PDA

View Full Version : Be Careful with Fruit of the Earth Aloe Vera Gel!



daffodil7
May 21st, 2012, 11:58 AM
Guys, please be careful with Fruit of the Earth (FOTE) Aloe Vera Gel!

When I was pregnant, I was avoiding many chemicals that were listed as dangerous to the fetus for various reasons. Well, one of them was Triethanolamine or TEA. Well, since I've had my child, I still avoid the same ingredients when I see them listed in our products after learning what they can potentially do, and TEA is just like unforgettable because it is in so much stuff. Like you see it in so many things. Mostly I see it listed as Triethanolamine though.

Anyway, I was thinking that it's probably better to use some sort of organic Aloe Vera treatment instead of FOTE for the SnowyMoonTreatment. Even though you are rinsing the Triethanolamine or TEA off of your hair, instead of letting it sit on your skin, neck and scalp, you are still not washing it off, and according to several things I have read, it could potentially be dangerous after long term exposure. This brief article seems to gather up the jist of what I've read several places: http://www.eco-friendly-digest.com/triethanolamine.html

I wish I could use the FOTE or they would change the ingredients or something because of the price and the volume I could get and the consistency. All of the organic Aloe is watery and stuff, but I'm going to have to use that to finally try this treatment out as my DC for moisture after my protein. The Triethanolamine is why I have avoided this conditioner for so long. Hopefully the organic aloe will work just as well.

Let me know if you have tried this with organic aloe and how the results were.

spidermom
May 21st, 2012, 12:32 PM
Well darn!

P.S. - That was SnowyMoon, not SnowyMountain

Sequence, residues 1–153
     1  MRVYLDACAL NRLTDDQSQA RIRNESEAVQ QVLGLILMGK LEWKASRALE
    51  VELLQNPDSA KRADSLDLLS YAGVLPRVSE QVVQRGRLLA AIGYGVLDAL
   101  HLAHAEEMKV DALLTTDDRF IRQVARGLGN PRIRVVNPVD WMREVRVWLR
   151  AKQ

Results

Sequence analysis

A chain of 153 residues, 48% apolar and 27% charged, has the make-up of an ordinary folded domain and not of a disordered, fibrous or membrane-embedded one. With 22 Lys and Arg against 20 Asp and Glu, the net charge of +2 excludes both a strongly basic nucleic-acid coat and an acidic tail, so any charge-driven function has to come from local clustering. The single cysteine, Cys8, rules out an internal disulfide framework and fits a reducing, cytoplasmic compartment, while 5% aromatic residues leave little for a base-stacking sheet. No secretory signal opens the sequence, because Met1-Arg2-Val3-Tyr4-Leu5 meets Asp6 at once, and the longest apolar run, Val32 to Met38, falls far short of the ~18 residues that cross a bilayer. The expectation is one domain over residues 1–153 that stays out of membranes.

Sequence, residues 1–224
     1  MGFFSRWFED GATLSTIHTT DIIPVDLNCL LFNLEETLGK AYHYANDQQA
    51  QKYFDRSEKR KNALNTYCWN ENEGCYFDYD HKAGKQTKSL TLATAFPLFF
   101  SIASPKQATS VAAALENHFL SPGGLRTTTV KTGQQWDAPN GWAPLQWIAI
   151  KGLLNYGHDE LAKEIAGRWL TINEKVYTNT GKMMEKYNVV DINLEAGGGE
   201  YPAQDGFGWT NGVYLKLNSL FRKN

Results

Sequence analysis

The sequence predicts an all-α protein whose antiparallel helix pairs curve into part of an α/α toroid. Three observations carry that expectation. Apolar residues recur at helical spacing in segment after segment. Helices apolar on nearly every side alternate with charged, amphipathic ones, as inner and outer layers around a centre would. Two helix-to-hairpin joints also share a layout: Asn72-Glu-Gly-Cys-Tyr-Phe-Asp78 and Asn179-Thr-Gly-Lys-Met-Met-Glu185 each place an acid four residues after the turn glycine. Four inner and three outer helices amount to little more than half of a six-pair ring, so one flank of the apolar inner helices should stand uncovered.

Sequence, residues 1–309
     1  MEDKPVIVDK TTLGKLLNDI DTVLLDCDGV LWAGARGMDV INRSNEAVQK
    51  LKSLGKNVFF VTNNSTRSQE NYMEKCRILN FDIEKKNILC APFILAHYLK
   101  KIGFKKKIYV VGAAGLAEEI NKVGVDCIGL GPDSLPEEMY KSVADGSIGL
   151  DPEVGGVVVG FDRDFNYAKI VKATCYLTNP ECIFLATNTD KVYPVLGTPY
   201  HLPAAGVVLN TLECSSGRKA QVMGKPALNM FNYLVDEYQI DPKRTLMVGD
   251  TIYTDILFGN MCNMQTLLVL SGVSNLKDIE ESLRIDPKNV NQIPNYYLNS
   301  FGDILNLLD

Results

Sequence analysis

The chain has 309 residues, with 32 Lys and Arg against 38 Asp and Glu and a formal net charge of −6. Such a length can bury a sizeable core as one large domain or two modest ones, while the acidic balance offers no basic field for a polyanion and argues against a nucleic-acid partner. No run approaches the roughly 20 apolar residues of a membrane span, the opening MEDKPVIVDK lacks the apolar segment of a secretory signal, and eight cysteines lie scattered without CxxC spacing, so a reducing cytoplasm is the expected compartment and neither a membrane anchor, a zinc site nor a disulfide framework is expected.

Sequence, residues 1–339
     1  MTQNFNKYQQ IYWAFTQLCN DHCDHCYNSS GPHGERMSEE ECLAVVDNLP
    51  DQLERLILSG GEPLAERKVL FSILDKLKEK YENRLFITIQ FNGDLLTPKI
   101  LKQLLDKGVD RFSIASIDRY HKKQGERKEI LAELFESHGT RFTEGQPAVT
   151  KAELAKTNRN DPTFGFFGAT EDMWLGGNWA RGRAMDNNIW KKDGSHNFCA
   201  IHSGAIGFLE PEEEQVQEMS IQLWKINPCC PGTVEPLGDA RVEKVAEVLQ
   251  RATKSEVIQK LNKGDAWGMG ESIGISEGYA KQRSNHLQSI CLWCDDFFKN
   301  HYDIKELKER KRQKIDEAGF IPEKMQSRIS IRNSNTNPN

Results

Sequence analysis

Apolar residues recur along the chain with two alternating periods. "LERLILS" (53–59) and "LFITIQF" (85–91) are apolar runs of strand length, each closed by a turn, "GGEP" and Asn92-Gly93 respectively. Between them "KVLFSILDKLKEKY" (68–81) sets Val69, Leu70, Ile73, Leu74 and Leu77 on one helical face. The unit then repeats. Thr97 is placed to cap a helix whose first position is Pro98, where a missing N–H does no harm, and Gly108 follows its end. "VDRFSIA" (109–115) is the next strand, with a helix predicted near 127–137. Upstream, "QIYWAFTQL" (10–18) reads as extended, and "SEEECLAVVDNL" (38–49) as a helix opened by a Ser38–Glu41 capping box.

Changling
May 21st, 2012, 12:43 PM
What is supposed to be harmful about it? The link said it could become contaminated with something that can cause cancer, and that it could make your lungs and eyes inflamed - but what if it doesn't do that? Like you use it, and you don't experience any inflammation? Does that mean it is not harmful (at least, not to you)?

Pretty much anything can become contaminated with something that can cause cancer (like the air can become contaminated with cigarette smoke), so that doesn't really raise a red flag for me. The linked article mentioned that it could be harmful after long-term exposure - harmful in what way?

summergreen
May 21st, 2012, 12:52 PM
That's interesting. I had a horrible itchy reaction to FOTE Aloe gel when I used it on my hair.

daffodil7
May 21st, 2012, 01:45 PM
What is supposed to be harmful about it? The link said it could become contaminated with something that can cause cancer, and that it could make your lungs and eyes inflamed - but what if it doesn't do that? Like you use it, and you don't experience any inflammation? Does that mean it is not harmful (at least, not to you)?

Pretty much anything can become contaminated with something that can cause cancer (like the air can become contaminated with cigarette smoke), so that doesn't really raise a red flag for me. The linked article mentioned that it could be harmful after long-term exposure - harmful in what way?

There are other more in depth articles on it online, I just chose that link because it gave you guys a brief rundown, quick info.

Essentially, what I've gathered is that it is a very dangerous chemical and carcinogen but it balances the PH in cosmetics and makes them nice to use. However, it is only deemed safe for use in cosmetics that are washed away, or rinsed away. When it sits on the skin, it is dangerous and this is considered long term exposure.

Since aloe vera gel is something you are meant to use as a moisturizer on hair and skin anyway, I have to wonder why they would use something like that ingredient there. Now when longhairs do the SnowyMoonTreatment it is rinsed out, but that is only rinsed and not washed, and then it can also sit on your neck and skin all day until your next shower or bath since a lot of times when you are washing your hair bent over the tub or something instead of the shower, you don't really wash everything that got on your back, neck and shoulders, or even the sides of your face for that matter.

And in addition to all of that, it can be contaminated with an additional carcinogen as was described in that link I gave you.

I do suggest that you do your own research as well, in all things. I am a busy mom, and might have missed some things. But I think there is enough for concern before using the product regularly where it can seep into and stay in your pores.